Ahmed Mazhari: Paul, I think your point on people and talent is a really good one. We’ve often used the term the “Great Reshuffle”, which is a lift off of the “Great Resignation,” actually. One of the things that we are observing more is that there’s a huge supply-demand issue for the talent that you just alluded to. Sometimes people are asked, “Is there a case for a hybrid work environment?” I think if you get it right, you have will have a competitive advantage. Our surveys suggest that there are about 700 million jobs that will get created in tech until the end of the decade—essentially the digitization of the global economy. And participation of the workforce will become one of the most important criteria between success and failure.
What a great example that you shared, Paul, about accessing talent. As I sit here in Japan, we are faced with a declining workforce. So, the only way for us to continue to grow and create impact, as Microsoft or SAP, is to find new pockets of talent that we’ve not traditionally accessed. Hybrid is a great example of how do to that, which is why at Microsoft Asia, our slogans of “works for me” and “free-dimensional work” are actually finding resonance. I don’t get to work every day; there are days when I just decide that, okay, today I’m going to work from home. And it’s more effective. It helps me balance time zones, like you said, and not lose time on the commute, et cetera. But I am also energized when I’m with people. Yesterday, for example, we had about 198 people at lunch in the cafeteria and there was just so much great energy.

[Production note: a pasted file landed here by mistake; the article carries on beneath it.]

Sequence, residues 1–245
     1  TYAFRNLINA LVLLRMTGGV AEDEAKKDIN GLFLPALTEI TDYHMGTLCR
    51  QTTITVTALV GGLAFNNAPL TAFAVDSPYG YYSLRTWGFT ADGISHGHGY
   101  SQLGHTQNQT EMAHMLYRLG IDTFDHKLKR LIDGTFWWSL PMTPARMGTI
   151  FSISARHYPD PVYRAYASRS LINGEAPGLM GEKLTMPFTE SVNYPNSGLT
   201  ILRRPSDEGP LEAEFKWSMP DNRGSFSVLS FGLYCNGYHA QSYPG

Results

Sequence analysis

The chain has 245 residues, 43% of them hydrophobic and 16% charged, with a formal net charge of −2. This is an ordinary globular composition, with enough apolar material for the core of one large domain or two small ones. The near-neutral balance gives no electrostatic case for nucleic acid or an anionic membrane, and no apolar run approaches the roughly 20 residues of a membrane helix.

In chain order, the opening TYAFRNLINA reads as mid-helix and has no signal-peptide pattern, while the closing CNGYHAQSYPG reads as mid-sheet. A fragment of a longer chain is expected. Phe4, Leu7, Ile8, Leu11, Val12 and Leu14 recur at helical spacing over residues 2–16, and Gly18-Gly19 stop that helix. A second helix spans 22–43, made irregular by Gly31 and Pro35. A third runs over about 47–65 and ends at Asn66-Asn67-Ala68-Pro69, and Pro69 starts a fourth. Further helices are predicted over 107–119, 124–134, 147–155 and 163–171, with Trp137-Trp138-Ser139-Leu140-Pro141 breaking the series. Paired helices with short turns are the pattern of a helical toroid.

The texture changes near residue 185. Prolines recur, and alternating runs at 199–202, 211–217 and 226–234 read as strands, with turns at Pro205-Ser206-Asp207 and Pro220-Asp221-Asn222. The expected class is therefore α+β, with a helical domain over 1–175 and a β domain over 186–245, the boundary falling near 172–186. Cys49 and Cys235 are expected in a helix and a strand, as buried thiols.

But as I think about the opportunity, it’s the fine balance of where we put that dial, right? There are certain jobs where the dial will be, “Hey, it’s probably more valuable for us to come together in a group, sit down for four hours, and then disperse.” And there will be some other groups where the dial could be more on the home side. So yeah, I think we’ll all learn. I think we should just keep an open mind and growth mindset, as well as learn and evolve. We should continue to find new ways for people to participate in the workforce, because that’s the only way for the progress that we so desire.
Paul Marriott: Just to add, because I think, Ahmed, you said in your opening, that you have opened a new office in Tokyo. We're doing the same—we’re opening a new office in Tokyo in a few months from now, but we’ve also opened here in Singapore and in Sydney, and we’re renovating many of the offices around the region. And I guess the question is, “Will people come back to the office?” Well, we wouldn’t invest in that level of real-estate renovation if we were not expecting to get this hybrid model fully optimized for productivity. So, one of the things I think is important for organizations to consider is the workspace. Employees want really vibrant, creative, collaborative, innovative, fun places to work. You see a lot of organizations now slightly downsizing physical capacity, but maintaining the same level of investment in terms of having a higher quality workspace—that drives engagement in the office.
I think this office infrastructure is really important and is why you’re seeing a lot of organizations investing in it, even to the point where we’ve moved offices to minimize commute times to make it easier for people to come into the office. So, there are lots of perspectives on this topic, but I think that is an important one. The office is not going anywhere, but the office is getting a major upgrade to become a highly collaborative, engaging workplace. Again, that’s what the great economy particularly and earlier talents expect by default. That’s the table stakes, I think, going into the future.
Diaan-Yi Lin: Let me bring this all together in one overarching question, which is, “What advice would you give a business leader who is keen to translate these trends into tangible steps or solutions? What are one or two things you would want them to take away from this episode?”